Omantel is the Sultanate’s incumbent telecoms operator and primary provider of internet in the country on landline and ADSL. It's mostly state-owned and market leader in mobile networks too. In 2018 it reached 56% of the market. It has the best coverage and speeds and most customers. It's mobile branch is also known as Oman Mobile. Its 4G/LTE reaches most populated areas.

In June 2021 Omantel and Ericsson announced the completion of a 5G millimetre wave (mmWave) proof of concept (PoC) trial that will enable the Omani operator to meet the increasing demand for high-quality connectivity as well as facilitate new use cases. When rolled out, 5G mmWave will greatly enhance the user experience at mobile broadband hotspots and home broadband (fixed wireless access [FWA]), as well as enable low-latency industry applications like Augmented Reality (AR). The trial delivered multi-gigabit speeds with eight cell carrier aggregation functionalities using Ericsson’s Streetmacro 6701 mmWave solution and advanced 5G software features. The trial used a carrier bandwidth of 800MHz at 26GHz, with 5G in Non-Standalone (NSA) mode of operation.

Omantel has also formed a memorandum of understanding (MoU) with the South Korean operator LG Uplus to expand its 5G offerings using edge technology. Included within the scope of the MoU is Augmented reality (AR), Virtual Reality (VR), Multiview, Timeslice solution and any potential business cooperation opportunities on XR platforms.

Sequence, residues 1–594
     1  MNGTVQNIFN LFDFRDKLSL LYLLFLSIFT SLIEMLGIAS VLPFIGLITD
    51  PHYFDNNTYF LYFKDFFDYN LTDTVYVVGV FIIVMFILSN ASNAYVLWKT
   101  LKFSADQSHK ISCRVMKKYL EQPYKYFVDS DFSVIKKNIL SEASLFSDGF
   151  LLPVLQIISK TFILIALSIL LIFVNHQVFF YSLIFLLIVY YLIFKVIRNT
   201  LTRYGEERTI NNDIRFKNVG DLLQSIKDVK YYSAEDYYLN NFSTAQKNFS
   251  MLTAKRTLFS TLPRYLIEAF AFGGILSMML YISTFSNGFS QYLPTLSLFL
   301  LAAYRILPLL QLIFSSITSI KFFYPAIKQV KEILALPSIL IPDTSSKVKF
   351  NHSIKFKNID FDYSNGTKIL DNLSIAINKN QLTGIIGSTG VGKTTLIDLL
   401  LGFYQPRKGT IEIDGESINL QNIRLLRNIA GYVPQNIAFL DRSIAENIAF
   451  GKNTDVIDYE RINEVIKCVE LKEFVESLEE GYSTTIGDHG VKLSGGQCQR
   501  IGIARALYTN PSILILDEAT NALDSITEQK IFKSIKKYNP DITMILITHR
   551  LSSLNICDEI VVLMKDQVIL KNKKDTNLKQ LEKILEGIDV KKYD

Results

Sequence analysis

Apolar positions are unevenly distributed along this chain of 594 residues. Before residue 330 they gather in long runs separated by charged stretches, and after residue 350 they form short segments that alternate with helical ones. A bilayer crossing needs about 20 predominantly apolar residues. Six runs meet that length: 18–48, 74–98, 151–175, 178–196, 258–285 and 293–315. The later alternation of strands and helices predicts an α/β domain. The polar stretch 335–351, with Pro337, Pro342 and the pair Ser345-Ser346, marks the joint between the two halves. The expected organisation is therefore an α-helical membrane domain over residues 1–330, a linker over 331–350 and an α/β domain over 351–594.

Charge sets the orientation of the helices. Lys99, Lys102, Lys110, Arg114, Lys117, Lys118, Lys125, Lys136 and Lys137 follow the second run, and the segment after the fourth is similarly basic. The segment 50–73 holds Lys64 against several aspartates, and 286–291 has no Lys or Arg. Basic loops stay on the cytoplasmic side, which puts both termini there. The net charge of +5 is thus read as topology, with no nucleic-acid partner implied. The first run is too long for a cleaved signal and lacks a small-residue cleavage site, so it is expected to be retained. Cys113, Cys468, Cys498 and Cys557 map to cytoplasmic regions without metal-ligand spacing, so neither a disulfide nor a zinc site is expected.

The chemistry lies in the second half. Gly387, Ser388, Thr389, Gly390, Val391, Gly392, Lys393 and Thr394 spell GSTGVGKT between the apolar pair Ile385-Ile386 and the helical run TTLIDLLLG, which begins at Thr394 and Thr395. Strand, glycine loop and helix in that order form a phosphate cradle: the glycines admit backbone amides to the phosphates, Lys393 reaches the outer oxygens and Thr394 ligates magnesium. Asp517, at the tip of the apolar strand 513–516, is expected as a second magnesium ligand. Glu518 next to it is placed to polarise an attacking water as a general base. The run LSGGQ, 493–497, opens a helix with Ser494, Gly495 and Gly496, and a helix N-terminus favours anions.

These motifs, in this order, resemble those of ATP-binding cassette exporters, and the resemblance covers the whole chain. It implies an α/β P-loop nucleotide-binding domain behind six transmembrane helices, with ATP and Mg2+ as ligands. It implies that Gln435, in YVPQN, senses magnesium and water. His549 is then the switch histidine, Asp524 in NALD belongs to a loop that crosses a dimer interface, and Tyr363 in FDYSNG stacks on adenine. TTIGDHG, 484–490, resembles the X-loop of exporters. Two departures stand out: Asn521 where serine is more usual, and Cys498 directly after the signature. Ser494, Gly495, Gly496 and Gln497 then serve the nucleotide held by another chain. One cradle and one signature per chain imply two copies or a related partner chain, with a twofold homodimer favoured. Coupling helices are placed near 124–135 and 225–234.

Ooredeoo is the 2nd provider in the country still giving good coverage in 3G and 4G: 3G 4G coverage maps. 3G covers 90% of the population and has reached 96% coverage of the Sultanate’s population with its ‘SuperNet’ 4G/LTE mobile network in 2019.

Ooredoo from Qatar has acquired the majority of the operator which was called Nawras before and renamed it to Ooredoo in 2014. It's the no.2 slightly behind Omantel at 46% share of the market in 2018. Generally Ooredoo has lower prices than Omantel at a slightly lower coverage.